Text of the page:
Americans were on the move in 2021, and they chose low-tax states over high-tax ones. That’s the finding of recent U.S. Census Bureau population data, along with commercial datasets released this week by U-Haul and United Van Lines.
Nationally, the U.S. population only grew by 0.1 percent between July 2020 and July 2021, the lowest rate since the nation’s founding. Pandemic-induced excess deaths, virtually nonexistent international in-migration, and an already-declining birth rate yielded an almost flat population trend nationwide. This, however, belies state-level and regional differences. Whereas the District of Columbia’s population shrunk by 2.8 percent between April 2020 (roughly the start of the pandemic) to July 2021, New York lost 1.8 percent of its population, and Illinois, Hawaii, and California rounded out the top five jurisdictions for population loss, Idaho was gaining 3.4 percent, while Utah, Montana, Arizona, South Carolina, Delaware, Texas, Nevada, Florida, and North Carolina all saw population gains of 1 percent or more.
The picture painted by this population shift is a clear one of people leaving high-tax, high-cost states for lower-tax, lower-cost alternatives. The individual income tax is only one component of overall tax burdens, but it is often highly salient, and is illustrative here. If we include the District of Columbia, then in the top one-third of states for population growth since the start of the pandemic (April 2020 to July 2021 data), the average combined top marginal state and local income tax rate is 3.5 percent, while in the bottom third of states, it is about 7.3 percent.
Six states in the top third forgo individual income taxes (Florida, Tennessee, Texas, Nevada, New Hampshire, and South Dakota) and the highest top rate is Maine’s 7.15 percent. Among the bottom third, four jurisdictions—California, New Jersey, New York, and the District of Columbia—have double-digit income tax rates, and the lowest rate is in Pennsylvania, where a low state rate of 3.07 percent is paired with some of the highest local income tax rates in the country. Five states in the bottom third have local income taxes; none in the top third do.
Not content to rest on their laurels, nine states in the top third either implemented or enacted individual or corporate income tax cuts in 2021. Only two states in the bottom third did so, and in one (Louisiana), commensurate base broadening, while good policy, made the reform essentially revenue neutral. Meanwhile, New York and the District of Columbia actually raised income taxes in 2021, the only places to do so.
The Census data shows population gains and losses, but not cross-border migration. (Census provides migration data, but on a longer time delay.) Moving data from U-Haul and United Van Lines, while less robust—and undoubtedly influenced by their geographic coverage—speaks more directly to cross-border migration, and is confirmatory. Both companies see states like California, Illinois, Massachusetts, and New York as the biggest losers, while states like Texas, Florida, and Tennessee are among the largest net gainers.
|Census Population Data (April 2020 – July 2021) and Industry Moving Data (2021)|
|District of Columbia||51||35||11|
Sources: U.S. Census Bureau; U-Haul; United Van Lines.
These industry studies record total migrations, whereas population data can be put in percentage terms, so large states like Texas—which, according to the Census Bureau, had the most population growth in nominal terms, but seventh-most in percentage terms—show up prominently while smaller states that saw large population surges, like Idaho, are somewhat lower on the list. Another story that can be seen in the industry data, however, which is less apparent in Census population data, is regional competition, even among comparatively high-tax states. Vermont is first in the United Van Lines data but middle-of-the-pack for overall population change, because the state benefited from outmigration—some temporary, some likely permanent—from densely populated Northeastern cities at the height of the pandemic.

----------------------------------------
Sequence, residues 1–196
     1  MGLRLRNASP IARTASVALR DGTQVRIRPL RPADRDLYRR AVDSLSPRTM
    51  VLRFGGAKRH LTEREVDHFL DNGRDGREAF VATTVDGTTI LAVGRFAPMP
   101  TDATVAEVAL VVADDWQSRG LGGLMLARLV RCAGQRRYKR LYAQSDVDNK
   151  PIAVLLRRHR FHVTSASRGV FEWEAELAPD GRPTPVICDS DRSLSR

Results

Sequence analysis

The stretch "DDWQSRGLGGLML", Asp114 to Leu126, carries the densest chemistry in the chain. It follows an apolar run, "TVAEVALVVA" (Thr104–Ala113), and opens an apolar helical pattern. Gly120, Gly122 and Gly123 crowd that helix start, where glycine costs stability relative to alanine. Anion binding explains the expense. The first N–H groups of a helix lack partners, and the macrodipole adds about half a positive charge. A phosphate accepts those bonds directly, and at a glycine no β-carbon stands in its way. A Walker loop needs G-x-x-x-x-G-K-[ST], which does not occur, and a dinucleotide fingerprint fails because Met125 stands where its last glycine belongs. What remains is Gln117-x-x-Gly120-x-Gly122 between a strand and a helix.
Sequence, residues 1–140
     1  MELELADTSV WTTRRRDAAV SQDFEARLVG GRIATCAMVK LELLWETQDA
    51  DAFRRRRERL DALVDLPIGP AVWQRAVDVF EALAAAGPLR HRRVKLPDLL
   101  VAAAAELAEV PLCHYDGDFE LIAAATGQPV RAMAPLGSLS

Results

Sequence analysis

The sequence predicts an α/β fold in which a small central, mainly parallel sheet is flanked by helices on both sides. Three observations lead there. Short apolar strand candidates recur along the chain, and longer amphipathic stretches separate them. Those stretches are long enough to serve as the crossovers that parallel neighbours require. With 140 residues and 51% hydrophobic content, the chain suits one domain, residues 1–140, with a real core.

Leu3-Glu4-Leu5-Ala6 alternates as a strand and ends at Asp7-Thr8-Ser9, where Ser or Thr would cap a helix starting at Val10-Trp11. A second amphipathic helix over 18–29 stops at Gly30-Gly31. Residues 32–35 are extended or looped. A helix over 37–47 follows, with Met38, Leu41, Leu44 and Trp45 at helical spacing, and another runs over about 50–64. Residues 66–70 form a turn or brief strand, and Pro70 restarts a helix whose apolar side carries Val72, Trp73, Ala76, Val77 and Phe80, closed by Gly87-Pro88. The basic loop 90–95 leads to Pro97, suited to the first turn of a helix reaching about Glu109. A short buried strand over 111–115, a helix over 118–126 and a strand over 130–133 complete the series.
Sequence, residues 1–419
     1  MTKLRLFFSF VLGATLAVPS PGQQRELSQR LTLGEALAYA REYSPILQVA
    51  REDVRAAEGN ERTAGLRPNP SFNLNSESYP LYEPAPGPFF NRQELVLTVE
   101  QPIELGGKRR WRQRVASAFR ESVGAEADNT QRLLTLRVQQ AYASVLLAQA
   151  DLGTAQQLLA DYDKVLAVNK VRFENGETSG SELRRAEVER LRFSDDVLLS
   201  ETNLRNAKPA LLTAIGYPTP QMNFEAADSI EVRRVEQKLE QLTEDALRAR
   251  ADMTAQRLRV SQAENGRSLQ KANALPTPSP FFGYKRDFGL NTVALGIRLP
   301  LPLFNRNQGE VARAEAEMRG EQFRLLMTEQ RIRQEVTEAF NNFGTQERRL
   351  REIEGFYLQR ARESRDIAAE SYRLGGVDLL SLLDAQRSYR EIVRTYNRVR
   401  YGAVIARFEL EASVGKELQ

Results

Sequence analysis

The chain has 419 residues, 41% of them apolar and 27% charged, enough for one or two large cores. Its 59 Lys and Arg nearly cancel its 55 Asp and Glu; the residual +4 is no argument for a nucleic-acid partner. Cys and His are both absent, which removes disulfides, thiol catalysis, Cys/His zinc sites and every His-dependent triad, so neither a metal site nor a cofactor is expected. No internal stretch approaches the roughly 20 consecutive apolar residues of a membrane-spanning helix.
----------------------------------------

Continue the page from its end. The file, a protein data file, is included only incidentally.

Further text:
U-Haul has relatively few inbound trips to states in the Deep South (see, for instance, Alabama and Arkansas) compared to United Van Lines and, more importantly, to Census data on population growth. Relatively local moves, such as those within the D.C. metropolitan area, can make a jurisdiction like the District of Columbia look like it is doing well on United Van Lines data even though the Census data tells a different story. The industry data has limitations, but it remains interesting.
People move for many reasons. Sometimes taxes are expressly part of the calculation. Often they play an indirect role by contributing to a broadly favorable economic environment. And sometimes, of course, they play little or no role. The Census data and these industry studies cannot tell us exactly why each person moved, but there is no denying a very strong correlation between low-tax, low-cost states and population growth. With many states responding to robust revenues and heightened state competition by cutting taxes, moreover, these trends may only get larger.
Early in 2020, it was hard to disentangle preliminary data on migration, determining what was a temporary safety-based relocation and what might be a longer-term move. With Census data through July 2021, however, and industry data for all of 2021, we now have a clearer picture of which moves were for the long haul. The pandemic has accelerated changes in the way we live and work, making it far easier for people to move—and they have. As states work to maintain their competitive advantage, they should pay attention to where people are moving, and try to understand why.